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Council on Foreign Relations Daily News Brief
November 12, 2013
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Top of the Agenda

Top of the Agenda: U.S. Sends Warships for Philippines Relief

A U.S. aircraft carrier set sail for the Philippines on Tuesday to help with relief efforts after a typhoon killed thousands this weekend, and should arrive along with four other Navy ships in three days (Reuters). Aid is coming in to Tacloban, the hardest hit city in the Philippines, but the scale of the destruction and the difficult logistics have hindered access, and most survivors have not yet received help (AP). The United Nations launched a $301 million fundraising effort and said more than eleven million people were affected by the storm, with almost 675,000 displaced (BBC).


"The horrific quality of infrastructure in the Philippines—even worse than countries in the region with similar levels of economic development—certainly has made these storms deadlier. Because the Philippines is one of the most unequal and corrupt countries in Asia, funds for housing projects, roads, and seawalls and other public monies routinely vanish into the pockets of political dynasties," writes CFR Senior Fellow Joshua Kurlantzick.

"After the tsunami, villages and towns across Asia abounded with tales of profligate and unnecessary donations. Some survivors reportedly received packages containing ski jackets, Viagra and, in Indonesia, some 75 tons of expired medications. Along this coast, many villages were similarly overwhelmed by an unanticipated windfall of fishing boats," Akash Kapur writes for Bloomberg.

"The scope of destruction is daunting, and there are worrisome signs that the international community faces an uphill struggle to mobilize for it. UNICEF said in a statement Monday that as many as 4 million children in the Philippines have been affected by Haiyan. In the same statement, it said a UNICEF warehouse in Copenhagen was sending supplies—water-purification tablets, soap, medical kits, tarps—for just 10,000 families," the Washington Post writes in an editorial.


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China's Communist Party Chart 'Deep Reform'

Nearly four hundred senior members of China's Communist Party approved a document at a plenary session that would establish a "state security committee" and a "deep reform leadership group," which will focus on the economy (SCMP).

This CFR Backgrounder explains China's ruling party's origins and the challenges it faces.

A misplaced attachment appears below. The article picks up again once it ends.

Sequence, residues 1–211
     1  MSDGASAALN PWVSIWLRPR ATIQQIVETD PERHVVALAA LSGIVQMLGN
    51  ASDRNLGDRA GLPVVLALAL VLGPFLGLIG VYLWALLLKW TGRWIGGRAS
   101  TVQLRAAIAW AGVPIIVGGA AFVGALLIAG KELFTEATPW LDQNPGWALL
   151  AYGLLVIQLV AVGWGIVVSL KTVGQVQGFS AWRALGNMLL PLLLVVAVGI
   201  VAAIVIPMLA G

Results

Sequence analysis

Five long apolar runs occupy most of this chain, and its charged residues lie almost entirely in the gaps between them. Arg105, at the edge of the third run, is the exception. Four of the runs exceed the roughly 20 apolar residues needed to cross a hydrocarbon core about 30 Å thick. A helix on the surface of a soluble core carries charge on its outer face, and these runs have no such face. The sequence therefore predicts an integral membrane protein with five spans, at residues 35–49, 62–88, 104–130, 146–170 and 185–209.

Lack of U.S. Cooperation Halts Afghan Murder Investigation

Afghanistan's intelligence agency abandoned its investigation into the murder of civilians who were detained by U.S. soldiers ten years ago after the United States refused to provide access to three U.S. Green Berets suspected of involvement (Reuters).

PAKISTAN: Peace talks between Pakistan's Taliban and the government have been put on hold. Pakistan's interior minister told the National Assembly that the dialogue process cannot move forward unless the United States stops drone strikes in tribal areas (Dawn).



Last-Minute Meeting Stalled Iran Deal

Officials said a meeting between Secretary of State John Kerry and his French counterpart Laurent Fabius was a turning point in three days of intense negotiations in Geneva over Iran's nuclear program. Fabius was able to insert French demands that Iran stop work on a heavy-water nuclear reactor, which stalled an agreement with Iran (Guardian).

This CFR Backgrounder explains the dispute over Iran's nuclear program.

SYRIA: The Assad regime's effort to "cleanse" the town of Ariha, Idlib, from "terrorist gangs," as the Syrian military describes its operations, illuminates why Syria's civil war has caused a catastrophic humanitarian crisis, McClatchy reports.

This CFR Backgrounder explains the Syrian conflict and the global response to the war.



Donated Malaria Drugs Stolen in Africa

Organized criminal networks in Africa are stealing large quantities of malaria drugs donated from the United States and other countries, undermining a multibillion dollar aid effort to end one of Africa's deadliest diseases, which kills about 600,000 annually (WSJ).

ZIMBABWE: China has lent Zimbabwe $319 million to expand a hydroelectric power plant by 300 megawatts, highlighting Zimbabwe's "Look East" policy after it fell out with the West (Times Live).



Far-Right Riot in Poland During Independence Day March

Groups of masked Polish youth set fire to cars after a march commemorating the country's independence day turned violent for the third year in a row (al-Jazeera). The incident raises concerns about the growing popularity of far-right groups in Poland and elsewhere in Europe.

NORWAY: Norway's housing market, which was described as a bubble by Noble Laureate Robert Shiller in 2012, is deflating after regulators introduced measures to curb demand (Bloomberg).



Health Insurance Enrollment Short of Target

Fewer than 50,000 people have successfully enrolled in private insurance plans through the troubled federal health-care website, far short of the Obama administration's target of 500,000 enrollees for October (WSJ).

ARGENTINA: President Cristina Fernandez will return to work on November 18 after completing a month of convalescence following surgery to treat bleeding in her brain (MercoPress).



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